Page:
A Lung Cancer Policy Model

Principal Investigator: G. Scott Gazelle
Institution: Massachusetts General Hospital
Grant Number: 5R01CA097337-02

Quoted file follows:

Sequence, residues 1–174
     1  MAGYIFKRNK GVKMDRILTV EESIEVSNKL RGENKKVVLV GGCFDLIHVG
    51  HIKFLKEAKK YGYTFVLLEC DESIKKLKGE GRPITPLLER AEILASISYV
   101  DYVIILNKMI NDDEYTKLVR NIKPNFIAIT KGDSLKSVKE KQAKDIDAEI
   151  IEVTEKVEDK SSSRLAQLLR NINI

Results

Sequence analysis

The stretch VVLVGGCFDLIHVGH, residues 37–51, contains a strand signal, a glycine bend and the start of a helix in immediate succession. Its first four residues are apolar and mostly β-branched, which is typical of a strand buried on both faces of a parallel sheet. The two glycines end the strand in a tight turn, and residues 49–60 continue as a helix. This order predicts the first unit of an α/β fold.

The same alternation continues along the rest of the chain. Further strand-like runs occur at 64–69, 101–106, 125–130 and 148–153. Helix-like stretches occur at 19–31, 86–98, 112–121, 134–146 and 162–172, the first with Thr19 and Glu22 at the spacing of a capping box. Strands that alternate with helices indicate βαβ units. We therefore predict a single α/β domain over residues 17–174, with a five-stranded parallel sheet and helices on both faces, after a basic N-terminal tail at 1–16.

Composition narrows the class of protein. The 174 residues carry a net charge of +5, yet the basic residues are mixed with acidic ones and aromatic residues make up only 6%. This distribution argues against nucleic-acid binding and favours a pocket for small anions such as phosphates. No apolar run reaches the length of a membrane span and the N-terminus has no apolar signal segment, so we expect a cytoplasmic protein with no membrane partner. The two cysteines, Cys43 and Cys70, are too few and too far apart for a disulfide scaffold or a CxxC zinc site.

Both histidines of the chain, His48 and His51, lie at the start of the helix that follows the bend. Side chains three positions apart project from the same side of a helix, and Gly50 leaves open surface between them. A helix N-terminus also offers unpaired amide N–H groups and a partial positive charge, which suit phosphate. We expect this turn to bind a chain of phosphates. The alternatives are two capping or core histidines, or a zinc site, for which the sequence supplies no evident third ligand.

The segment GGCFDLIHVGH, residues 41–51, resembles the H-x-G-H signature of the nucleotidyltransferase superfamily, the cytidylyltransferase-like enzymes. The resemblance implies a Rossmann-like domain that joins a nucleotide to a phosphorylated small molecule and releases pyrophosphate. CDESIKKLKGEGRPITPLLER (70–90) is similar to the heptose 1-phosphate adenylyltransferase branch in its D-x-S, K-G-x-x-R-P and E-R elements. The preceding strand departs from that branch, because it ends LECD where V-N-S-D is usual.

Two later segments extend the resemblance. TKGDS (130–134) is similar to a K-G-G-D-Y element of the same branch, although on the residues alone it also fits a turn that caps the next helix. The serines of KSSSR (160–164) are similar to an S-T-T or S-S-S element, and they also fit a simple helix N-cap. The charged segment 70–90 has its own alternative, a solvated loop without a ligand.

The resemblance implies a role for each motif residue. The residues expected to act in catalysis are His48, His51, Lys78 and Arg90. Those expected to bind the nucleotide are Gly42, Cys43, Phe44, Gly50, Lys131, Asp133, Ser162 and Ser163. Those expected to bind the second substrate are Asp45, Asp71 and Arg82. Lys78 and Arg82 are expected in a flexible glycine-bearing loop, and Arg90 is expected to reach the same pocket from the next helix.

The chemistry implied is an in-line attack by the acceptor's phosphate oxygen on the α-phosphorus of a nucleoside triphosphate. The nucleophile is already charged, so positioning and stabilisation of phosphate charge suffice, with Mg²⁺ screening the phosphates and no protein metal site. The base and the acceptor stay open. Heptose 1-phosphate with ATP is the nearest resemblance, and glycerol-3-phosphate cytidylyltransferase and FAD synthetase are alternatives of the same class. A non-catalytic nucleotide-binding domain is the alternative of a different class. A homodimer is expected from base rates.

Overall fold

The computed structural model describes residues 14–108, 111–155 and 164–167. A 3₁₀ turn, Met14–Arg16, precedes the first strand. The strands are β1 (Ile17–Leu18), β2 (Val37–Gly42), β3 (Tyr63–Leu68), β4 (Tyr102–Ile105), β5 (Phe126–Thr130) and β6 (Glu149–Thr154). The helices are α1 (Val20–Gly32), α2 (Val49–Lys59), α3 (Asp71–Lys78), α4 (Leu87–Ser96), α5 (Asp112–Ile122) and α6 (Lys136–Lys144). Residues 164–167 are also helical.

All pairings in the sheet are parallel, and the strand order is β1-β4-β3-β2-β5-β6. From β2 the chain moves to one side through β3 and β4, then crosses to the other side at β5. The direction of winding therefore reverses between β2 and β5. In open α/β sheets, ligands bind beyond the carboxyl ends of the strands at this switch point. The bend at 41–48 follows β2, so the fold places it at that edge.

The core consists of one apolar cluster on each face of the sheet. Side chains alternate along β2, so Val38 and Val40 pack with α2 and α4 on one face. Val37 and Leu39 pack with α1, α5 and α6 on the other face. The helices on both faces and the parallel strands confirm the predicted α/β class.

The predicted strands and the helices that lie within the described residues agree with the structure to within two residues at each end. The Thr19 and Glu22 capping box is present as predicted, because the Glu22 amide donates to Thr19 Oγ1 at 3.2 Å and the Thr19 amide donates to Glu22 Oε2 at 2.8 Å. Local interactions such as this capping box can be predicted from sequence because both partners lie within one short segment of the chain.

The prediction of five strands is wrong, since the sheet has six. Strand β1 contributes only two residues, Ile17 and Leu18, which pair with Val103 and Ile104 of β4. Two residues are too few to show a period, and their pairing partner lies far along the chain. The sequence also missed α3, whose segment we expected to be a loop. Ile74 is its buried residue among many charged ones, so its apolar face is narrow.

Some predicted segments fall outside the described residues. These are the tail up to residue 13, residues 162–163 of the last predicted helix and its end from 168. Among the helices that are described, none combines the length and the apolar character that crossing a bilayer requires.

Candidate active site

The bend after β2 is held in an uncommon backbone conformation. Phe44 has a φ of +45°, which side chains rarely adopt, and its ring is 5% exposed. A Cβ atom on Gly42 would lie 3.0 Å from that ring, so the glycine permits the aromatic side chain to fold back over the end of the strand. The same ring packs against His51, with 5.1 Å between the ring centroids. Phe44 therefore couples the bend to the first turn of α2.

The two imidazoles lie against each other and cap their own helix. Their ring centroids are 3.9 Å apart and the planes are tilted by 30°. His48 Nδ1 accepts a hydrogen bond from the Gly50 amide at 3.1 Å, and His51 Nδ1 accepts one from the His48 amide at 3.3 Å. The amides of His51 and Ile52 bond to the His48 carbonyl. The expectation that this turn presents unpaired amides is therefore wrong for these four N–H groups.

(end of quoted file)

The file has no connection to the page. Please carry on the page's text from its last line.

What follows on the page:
Abstract: The goal of the proposed research is to develop a lung cancer model capable of guiding screening policy decisions over the next several years, before results of ongoing clinical trials are available. Through Monte Carlo simulations of large numbers of individuals in selected target populations, the model will provide estimates of the health and economic consequences of proposed screening technologies such as helical CT and chest X-ray imaging. Much of the model's value will lie in translating short-term trial results into lifetime health and economic consequences. Data from a diverse array of sources, including past and ongoing screening trials, will be integrated to derive robust parameter estimates. An underlying natural history component will simulate the generation and growth of cancers and benign lesions, with parameters derived from existing screening trial data, autopsy studies, and information on tumor growth rates. Each individual's probability of developing lesions will be determined by risk factors such as smoking history, age, and sex. Additional model components will simulate the detection and treatment of lung cancer, with outcomes calibrated to existing data from prevalence screens and tumor registries. By modeling tumor growth and detection explicitly, our approach differs from previous decision analyses of lung cancer screening. Principal goals of the research are to determine the cost-effectiveness of proposed and hypothetical screening strategies, to examine the economic and health effects of screening different target populations or of screening with improved technologies, and to make comparisons not included in ongoing trials (e.g., helical CT screening vs. no screening, or screening at different frequencies). The model will also allow identification of threshold performance characteristics, above which new screening programs would be attractive alternatives to no screening or to screening with helical CT. By identifying parameters with both large plausible ranges and important effects on results, the model can serve as a tool for use in the efficient design of future clinical trials. The model will guide imminent screening policy decisions, and, paralleling achievements of the coronary heart disease policy model, could one day evaluate treatment advances or incidence trends.